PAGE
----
Zoning May Remake What's All Trees Today

The Washington Times (Washington, DC), April 29, 2005 | Go to article overview

Zoning May Remake What's All Trees Today


Byline: M. Anthony Carr, SPECIAL TO THE WASHINGTON TIMES

The way your lot is zoned does not necessarily mean it will never be changed.

Farms become single-family communities, which in turn can become apartment dwellings, which in turn can be converted into industrial space. It all depends on the needs of a community and what's happening with the land at the time those needs arise.

Today's elementary school could have been yesterday's pig farm, depending on the zoning regulations at the time.

It's kind of a stop-in-your-tracks thought, but one that sheds some light on how an area develops as its population grows.

When you look at a house with thick woods behind it, one of the first thoughts in your mind should be: "How is that zoned?"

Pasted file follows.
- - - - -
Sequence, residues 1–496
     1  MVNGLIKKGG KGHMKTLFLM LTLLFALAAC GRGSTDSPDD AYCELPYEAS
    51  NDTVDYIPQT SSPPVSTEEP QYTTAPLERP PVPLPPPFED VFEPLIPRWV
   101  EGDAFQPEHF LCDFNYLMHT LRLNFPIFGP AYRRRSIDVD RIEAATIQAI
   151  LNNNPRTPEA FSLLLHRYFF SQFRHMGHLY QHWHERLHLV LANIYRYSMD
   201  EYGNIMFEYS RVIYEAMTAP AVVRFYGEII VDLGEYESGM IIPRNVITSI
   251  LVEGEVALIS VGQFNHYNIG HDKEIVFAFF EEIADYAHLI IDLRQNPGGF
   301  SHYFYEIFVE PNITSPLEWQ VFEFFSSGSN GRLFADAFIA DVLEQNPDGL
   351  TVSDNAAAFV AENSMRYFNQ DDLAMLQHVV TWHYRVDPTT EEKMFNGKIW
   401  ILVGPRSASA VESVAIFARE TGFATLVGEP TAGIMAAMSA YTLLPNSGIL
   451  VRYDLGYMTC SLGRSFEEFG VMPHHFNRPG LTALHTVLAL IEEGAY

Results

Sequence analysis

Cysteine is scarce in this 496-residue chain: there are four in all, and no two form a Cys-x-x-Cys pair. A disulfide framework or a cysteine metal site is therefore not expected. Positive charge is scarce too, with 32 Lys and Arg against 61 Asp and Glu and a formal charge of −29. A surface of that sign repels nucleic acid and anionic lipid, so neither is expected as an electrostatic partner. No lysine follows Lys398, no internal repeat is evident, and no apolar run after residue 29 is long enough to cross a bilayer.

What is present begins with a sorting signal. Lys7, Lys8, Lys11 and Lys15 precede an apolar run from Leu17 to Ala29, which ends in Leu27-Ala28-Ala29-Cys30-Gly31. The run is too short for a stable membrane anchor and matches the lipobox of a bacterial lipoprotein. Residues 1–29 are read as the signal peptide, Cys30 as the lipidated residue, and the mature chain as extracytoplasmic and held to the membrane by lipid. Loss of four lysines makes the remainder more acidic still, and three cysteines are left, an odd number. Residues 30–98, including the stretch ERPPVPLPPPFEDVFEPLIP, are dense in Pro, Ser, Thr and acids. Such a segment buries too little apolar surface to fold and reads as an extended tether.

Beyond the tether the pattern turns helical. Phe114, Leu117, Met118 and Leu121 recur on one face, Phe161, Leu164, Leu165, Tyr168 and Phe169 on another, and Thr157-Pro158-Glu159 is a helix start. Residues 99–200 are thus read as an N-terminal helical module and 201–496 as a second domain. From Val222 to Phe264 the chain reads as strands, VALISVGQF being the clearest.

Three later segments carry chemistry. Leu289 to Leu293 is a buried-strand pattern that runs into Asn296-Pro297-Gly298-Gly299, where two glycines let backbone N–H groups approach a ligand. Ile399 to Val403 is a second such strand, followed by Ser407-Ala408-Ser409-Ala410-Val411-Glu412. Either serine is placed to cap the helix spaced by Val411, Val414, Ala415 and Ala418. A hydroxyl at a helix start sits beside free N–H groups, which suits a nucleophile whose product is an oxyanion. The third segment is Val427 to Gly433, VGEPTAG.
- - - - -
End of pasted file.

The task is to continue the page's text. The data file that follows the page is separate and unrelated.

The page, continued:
The zoning will determine the development allowed - what kind of buildings and businesses, the number of houses per acre, the square footage of the lots and buildings, the height of a building, the use of the land.

Your first search should be at the county or city planner's office to look at the master plan, which can be redesigned as often as every five years or as infrequently as every 25 years. It mostly depends on the speed of growth in the community.

Zone assignments can get pretty comprehensive, and a zoning definition in one county doesn't necessarily carry over to the next county.

For instance, what is "M"? "Manufacturing," right? Not so fast. One area's manufacturing designation could be another area's mixed use. It depends on how the planners in a particular area decided to set up its zoning definitions.

For instance, I counted 46 zone designations inside roughly 29 districts covering land use for all sorts of reasons at the Los Angeles City Department of Planning (http://cityplanning.lacity.org/).

Residential (R zones) and commercial (C zones) are two of the most commonly known and understood, but have you heard of a zone for oil drilling (an O zone - really, no pun intended), equine keeping (K zones) or submerged land, such as fishing and shipping (SL zones)? …

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